That Escalated Quickly

Just when you thought you were an adult….

I consider myself a mature adult. My soul might be a generation or two ahead of me, but nonetheless, a quiet, mature, twenty-something with a Peter Pan complex is how I identify myself. I live on my own and hold down a steady job. All the normal grown-up things most of us do in our day to day lives. This morning I came home from work to continue the day indoors, making best of the weather. Decided to see what was on everyone’s favorite online TV programming Netflix and to my luck came across a title I recognized right away.

We’re back: a Dinosaur Story is an animated film from my childhood years that tells the story of one man who wishes to make the wishes of children come true with these elaborate inventions, one of which he gets living dinosaurs to rapidly evolve and become intelligent beings with advanced emotions, human speech, and problem-solving abilities (pretty much humanizing dinosaurs.) I won’t go much further in the plot since that isn’t the point of the story. The point is I successfully made it ten minutes into the movie when a significant time in my childhood was revealed and all at once, a flood of emotions capsized and floored me.

There were a lot of tears. Tears I welcomed for a few minutes while basking in the nostalgia of an extroverted David who wore his emotions on his sleeve and found a state of bliss through animated movies and all the normal responsibilities of someone in their single digits. Then after that I realized that the sounds and sights of the film kept the nostalgia on with full force. I couldn’t help but bawl my eyes out with no restrain. A few things crossed my mind at this point.

  • Am I going to cry through this entire movie?
  • What does this say about how happy I once was as a child and where I am now?

“So I did what I imagine most adults would do at a time like this. I turned it off and continued to internalize my emotions.”

Mind you, this is not a particularly sad story. More of a feel good piece for children to consider what it would be like to live and have a conversation with dinosaurs and consider what your wishes were. It was becoming increasingly clear that I was not going to make it to the end of this movie without a box of tissue and a serious tolerance for tears. So I did what I imagine most adults would do at a time like this. I turned it off and continued to internalize my emotions. Now onto thought number two.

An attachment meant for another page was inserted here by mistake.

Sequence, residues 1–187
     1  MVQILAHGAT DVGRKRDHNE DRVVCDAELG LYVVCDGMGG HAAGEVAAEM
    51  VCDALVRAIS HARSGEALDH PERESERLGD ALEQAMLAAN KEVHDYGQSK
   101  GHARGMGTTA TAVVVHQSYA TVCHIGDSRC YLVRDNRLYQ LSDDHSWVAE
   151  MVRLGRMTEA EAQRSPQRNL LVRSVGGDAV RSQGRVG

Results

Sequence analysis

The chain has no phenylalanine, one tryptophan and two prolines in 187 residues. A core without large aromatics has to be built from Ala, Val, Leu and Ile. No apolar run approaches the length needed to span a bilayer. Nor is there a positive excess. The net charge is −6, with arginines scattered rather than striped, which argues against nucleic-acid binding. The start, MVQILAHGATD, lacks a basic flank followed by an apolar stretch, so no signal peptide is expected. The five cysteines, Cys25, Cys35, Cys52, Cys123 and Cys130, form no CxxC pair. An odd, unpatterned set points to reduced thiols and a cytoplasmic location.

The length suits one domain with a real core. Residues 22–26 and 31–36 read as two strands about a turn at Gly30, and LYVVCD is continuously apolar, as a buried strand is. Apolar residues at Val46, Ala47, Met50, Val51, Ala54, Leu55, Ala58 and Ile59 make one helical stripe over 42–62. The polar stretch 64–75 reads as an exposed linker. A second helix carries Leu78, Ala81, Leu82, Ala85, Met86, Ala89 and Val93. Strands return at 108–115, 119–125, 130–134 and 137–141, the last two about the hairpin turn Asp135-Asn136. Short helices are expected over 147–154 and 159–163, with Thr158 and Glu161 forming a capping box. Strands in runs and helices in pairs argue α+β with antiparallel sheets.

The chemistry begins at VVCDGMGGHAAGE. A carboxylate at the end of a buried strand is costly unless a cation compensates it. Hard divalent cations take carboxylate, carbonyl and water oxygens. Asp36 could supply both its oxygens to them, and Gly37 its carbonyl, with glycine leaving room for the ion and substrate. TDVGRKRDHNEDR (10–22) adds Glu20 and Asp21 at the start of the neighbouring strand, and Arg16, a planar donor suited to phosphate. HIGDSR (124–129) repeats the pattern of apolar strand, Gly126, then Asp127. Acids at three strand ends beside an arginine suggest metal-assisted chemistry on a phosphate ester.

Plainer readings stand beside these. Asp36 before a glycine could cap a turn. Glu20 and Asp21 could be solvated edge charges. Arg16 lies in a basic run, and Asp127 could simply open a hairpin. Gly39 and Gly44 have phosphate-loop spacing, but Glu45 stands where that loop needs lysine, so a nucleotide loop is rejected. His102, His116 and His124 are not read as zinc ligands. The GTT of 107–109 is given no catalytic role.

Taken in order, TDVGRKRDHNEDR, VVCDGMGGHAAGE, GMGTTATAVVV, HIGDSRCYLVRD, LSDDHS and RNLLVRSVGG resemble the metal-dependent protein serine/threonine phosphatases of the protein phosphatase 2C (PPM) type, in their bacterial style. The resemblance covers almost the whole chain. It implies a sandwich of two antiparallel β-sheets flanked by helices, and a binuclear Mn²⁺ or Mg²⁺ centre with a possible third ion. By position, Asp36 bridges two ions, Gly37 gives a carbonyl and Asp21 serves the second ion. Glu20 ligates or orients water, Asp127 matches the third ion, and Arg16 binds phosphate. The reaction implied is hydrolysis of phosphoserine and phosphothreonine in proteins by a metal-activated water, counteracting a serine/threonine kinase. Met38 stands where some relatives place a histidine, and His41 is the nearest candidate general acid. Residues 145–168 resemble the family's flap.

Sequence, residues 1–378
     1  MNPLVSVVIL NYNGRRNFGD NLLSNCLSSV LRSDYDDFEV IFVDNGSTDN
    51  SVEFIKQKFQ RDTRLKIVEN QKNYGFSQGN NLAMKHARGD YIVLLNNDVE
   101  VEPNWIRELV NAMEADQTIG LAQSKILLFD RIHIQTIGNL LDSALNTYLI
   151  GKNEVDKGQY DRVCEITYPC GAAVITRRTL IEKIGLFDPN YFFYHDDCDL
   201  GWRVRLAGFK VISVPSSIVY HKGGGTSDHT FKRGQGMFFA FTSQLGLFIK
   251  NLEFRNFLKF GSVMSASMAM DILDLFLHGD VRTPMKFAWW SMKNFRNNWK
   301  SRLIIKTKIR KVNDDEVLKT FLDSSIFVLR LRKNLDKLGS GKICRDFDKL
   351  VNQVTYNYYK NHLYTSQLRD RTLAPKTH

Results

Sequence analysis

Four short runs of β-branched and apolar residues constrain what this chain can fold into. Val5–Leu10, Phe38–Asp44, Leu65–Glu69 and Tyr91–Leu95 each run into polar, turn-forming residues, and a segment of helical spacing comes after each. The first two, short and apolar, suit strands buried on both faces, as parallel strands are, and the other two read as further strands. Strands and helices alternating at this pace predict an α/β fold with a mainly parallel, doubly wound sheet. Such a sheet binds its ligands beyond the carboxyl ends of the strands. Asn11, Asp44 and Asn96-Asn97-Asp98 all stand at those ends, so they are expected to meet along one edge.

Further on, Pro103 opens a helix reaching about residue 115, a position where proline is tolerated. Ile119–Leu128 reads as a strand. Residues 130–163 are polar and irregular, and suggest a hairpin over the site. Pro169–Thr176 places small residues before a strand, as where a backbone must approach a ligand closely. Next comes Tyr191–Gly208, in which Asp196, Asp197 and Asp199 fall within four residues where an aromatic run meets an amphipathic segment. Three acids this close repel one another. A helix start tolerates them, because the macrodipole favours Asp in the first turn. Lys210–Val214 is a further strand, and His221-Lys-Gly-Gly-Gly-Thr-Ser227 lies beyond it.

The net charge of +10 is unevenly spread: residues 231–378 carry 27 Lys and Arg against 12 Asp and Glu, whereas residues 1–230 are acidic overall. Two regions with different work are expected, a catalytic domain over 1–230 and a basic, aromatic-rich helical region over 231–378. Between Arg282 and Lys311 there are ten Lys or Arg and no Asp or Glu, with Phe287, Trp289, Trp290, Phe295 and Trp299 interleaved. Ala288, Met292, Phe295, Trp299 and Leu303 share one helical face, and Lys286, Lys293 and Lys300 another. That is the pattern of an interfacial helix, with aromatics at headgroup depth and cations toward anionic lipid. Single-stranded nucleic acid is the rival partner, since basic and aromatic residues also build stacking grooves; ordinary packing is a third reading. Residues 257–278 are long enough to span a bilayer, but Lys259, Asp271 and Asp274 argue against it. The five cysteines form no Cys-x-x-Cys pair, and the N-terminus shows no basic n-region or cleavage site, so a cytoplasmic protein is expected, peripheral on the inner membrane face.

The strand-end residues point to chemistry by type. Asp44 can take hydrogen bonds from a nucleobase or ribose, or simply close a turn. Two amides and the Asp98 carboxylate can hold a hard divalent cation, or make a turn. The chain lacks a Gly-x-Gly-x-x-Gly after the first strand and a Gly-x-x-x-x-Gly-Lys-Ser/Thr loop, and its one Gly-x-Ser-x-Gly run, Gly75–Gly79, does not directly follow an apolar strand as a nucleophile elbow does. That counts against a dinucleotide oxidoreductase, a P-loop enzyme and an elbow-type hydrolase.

The reason I decided to not buckle down and cry it out for the next hour or so of the movie was because this experience sparked some sincere concern on my emotional well-being. Two things I couldn’t get out of my head were, this makes me so happy, and, why don’t I feel this heightened sense of happiness in any other aspect of life right now? This movie gave me such a strong sense of comfort and enjoyment (which still obviously still does to this day) that it got me reevaluating my life. The weight of the world had been lifted after I had begun watching the movie. All of a sudden, I had abandoned the thoughts of adulthood and quickly entered a world where finances, personal image, and making productive steps towards one’s future were secondary. All of these strong emotions combined with the short amount of time it took to trigger such a response begins to explain why this ended up happening.

Perhaps this buckled with the fact that my childhood is over and will never return left me feeling sad and kept the flood gates open. I still don’t know what to make of this. I’d like to explore this emotional reaction in more detail, but know it’s going to take some time. I’ve always kept some distance between things I have identified strongly with as a kid in fear of triggering reactions like this or falling into a hole of repeated behaviors to try and get that feeling to return much like the addict trying to recreate the first hit all over again. Something tell me there will be a time and a place to explore this chapter in my life. I got to look in and see what a strong reaction like this feels like and admitting was caught off guard and unprepared. Today is my day off and much when I reach a physical or emotional state of significant progress, I like to reward myself. I’ll be keeping things mellow but will continue to try and trigger similar (hopefully less intense) reactions and make the best of this less than perfect weather.

Until next time….

 

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